Dana Sanchez

  • Power Africa Partner, Nobel Prize Nominee Breaks Ground On Solar Power Plant In Burundi

    Power Africa By Dana Sanchez, 4:55 pm

    In Burundi, where just 5% of people have electricity, a new 7.5-megawatt solar power plant is under construction. It’s expected to add 15% power generation capacity to the East African country. The groundbreaking was held Thursday in Mubuga. The solar plant will be built on 42 acres, 65 miles from the capital of Bujumbura. Mubuga has never had electricity and is 6.8 miles away from the power grid. Its residents have depended on candles, lanterns, firewood and charcoal since time immemorial.

  • 20 African Countries With The Most Chinese Migrants, And Why These Statistics Are Problematic

    African countries with the most Chinese migrants By Dana Sanchez, 6:42 pm AFKI Original

    Large numbers of Chinese migrants have followed the money to Africa, but no one really knows how many — not even close. Estimates range from 250,000 to 2 million. Experts say informed guesses are anything from speculative to “very problematic.” It’s a problem because inaccurate claims about the Chinese migrant population can contribute to xenophobic election rhetoric and violence, says a migration researcher. In many countries, statistics on migration are incomplete, out of date or nonexistent. “Statistics are political,” a stakeholder said. The data may be out of date but it’s the only data we’ve got.

  • Gambian Tourism Faces 50% Revenue Loss From Political Uncertainty

    Gambian tourism By Dana Sanchez, 1:15 pm

    Tourism has been the fastest-growing sector of The Gambia’s economy until now, accounting for 18-to-20% of the country’s revenue. The country, population about 2 million, is marketed to vacationers as “the smiling coast of West Africa.” In the wake of the current political unrest, tourism revenue will likely fall 50%, a stakeholder said. The sector will have to rebuilt just as it was after the 1994 coup that brought longtime ruler Yahya Jammeh to power. “I feel sorry for everybody here,” an evacuating Brit said. “It’s going to take years for tourism to pick up again.”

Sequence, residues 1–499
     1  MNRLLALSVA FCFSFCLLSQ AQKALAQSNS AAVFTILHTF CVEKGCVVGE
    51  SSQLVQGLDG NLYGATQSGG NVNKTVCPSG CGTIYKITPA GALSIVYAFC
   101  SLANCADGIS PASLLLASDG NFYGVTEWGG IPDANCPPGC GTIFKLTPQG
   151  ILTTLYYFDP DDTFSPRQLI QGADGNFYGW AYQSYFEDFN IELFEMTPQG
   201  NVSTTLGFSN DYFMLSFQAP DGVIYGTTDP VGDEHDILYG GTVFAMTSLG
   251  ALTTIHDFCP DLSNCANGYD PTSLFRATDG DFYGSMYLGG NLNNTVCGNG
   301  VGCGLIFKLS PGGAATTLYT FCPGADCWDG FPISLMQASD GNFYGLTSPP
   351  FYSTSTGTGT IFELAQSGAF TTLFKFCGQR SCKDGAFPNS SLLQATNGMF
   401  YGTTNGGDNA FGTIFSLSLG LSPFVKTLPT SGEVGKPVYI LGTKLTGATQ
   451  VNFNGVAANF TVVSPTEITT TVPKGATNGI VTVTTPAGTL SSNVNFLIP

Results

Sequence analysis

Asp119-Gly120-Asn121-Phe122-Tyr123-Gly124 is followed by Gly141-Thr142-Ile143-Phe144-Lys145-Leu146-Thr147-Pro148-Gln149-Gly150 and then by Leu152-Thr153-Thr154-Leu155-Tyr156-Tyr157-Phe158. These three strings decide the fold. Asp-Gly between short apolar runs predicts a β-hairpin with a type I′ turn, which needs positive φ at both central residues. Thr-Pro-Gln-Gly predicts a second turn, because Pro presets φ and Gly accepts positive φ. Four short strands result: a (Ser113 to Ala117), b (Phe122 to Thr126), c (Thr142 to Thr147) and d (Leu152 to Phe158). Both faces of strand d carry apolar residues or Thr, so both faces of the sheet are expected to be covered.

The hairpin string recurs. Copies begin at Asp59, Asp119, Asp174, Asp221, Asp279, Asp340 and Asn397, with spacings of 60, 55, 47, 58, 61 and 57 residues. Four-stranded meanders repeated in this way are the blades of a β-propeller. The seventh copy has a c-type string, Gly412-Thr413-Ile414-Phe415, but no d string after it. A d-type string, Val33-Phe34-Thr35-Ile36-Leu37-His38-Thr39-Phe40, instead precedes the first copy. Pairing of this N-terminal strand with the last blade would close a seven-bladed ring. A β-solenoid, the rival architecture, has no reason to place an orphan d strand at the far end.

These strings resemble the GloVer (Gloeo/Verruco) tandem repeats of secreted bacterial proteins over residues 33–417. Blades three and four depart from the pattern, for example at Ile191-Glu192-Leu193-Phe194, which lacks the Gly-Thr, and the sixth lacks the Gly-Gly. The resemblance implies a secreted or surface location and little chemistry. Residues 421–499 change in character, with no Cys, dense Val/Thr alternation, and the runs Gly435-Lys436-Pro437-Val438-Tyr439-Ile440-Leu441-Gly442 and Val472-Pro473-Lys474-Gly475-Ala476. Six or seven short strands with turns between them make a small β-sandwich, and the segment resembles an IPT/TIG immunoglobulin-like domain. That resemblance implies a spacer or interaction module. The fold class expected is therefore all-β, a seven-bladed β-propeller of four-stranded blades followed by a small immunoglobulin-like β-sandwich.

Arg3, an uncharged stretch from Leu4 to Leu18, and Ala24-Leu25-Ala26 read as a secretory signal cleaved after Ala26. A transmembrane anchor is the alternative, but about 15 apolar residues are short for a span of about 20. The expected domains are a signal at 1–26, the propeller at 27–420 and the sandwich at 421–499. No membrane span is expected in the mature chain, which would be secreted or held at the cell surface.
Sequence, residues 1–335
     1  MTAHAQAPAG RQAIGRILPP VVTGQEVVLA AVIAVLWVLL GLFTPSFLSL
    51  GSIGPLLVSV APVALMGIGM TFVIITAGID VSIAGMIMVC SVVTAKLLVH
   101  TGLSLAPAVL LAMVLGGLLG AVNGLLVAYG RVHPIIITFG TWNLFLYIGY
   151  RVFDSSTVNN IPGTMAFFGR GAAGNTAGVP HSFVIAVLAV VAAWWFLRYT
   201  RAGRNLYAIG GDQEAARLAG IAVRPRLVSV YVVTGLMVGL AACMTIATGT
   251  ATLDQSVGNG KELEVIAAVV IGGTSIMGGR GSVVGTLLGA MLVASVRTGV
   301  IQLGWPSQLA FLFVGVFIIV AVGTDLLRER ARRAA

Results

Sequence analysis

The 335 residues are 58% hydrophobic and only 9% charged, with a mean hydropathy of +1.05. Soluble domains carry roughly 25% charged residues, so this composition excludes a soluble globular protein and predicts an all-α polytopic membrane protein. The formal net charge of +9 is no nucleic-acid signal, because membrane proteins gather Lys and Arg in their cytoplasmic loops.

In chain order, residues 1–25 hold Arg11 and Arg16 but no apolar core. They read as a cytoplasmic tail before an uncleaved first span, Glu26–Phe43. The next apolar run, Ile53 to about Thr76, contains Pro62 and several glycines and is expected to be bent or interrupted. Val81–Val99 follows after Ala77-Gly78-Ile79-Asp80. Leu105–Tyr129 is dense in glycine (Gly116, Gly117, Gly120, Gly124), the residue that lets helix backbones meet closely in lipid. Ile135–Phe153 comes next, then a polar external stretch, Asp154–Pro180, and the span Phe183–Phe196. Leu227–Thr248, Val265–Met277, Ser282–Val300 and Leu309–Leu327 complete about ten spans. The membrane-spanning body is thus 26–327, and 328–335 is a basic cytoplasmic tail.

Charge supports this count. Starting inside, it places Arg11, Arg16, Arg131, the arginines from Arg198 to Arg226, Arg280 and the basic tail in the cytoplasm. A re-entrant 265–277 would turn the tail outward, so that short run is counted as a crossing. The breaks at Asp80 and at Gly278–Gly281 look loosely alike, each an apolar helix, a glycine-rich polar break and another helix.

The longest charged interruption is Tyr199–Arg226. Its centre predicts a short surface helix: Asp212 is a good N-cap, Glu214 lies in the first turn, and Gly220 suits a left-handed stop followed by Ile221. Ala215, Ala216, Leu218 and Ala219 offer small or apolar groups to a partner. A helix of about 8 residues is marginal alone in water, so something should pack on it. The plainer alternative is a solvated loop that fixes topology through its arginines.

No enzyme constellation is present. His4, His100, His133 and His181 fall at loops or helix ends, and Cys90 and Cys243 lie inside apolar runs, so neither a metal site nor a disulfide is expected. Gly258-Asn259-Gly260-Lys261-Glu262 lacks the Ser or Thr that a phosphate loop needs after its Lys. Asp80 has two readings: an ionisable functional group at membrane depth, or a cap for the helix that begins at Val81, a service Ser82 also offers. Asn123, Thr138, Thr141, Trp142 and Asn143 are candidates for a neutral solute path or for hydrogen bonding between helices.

• 12 Ways Africa Will Remember Barack Obama, First Black US President

    12 ways Africa will remember Barack Obama By Dana Sanchez, 1:43 pm AFKI Original

    Barack Obama’s 2008 election as U.S. president inspired millions of Africans with hopes that strong ties to Kenya, country of his father’s birth, would mean increased U.S. involvement. Some believe Obama will leave office Jan. 20, 2017, falling short of those expectations. He has been blamed for not making African issues a top priority of his foreign policy. Others say he leaves a lasting legacy that will live on — especially in Africa’s young leaders.

  • Taking On Wall Street’s Big 3: Carlyle Acquiring Top African Credit Ratings Agency

    Carlyle acquiring top African credit ratings agency By Dana Sanchez, 5:02 pm

    In a sign that local credit ratings are becoming more lucrative in Africa, U.S. buyout firm Carlyle agreed to become the largest shareholder in Africa’s largest rating agency. GCR rates more credits on the continent than giants Fitch, Moody’s and S&P. Growth is constrained in the present credit ratings system, said the president of the BRICS New Development Bank. The Big 3 rate over 90% of the global sovereign ratings market. GCR specializes in national-level ratings, which rely less on a country’s sovereign rating.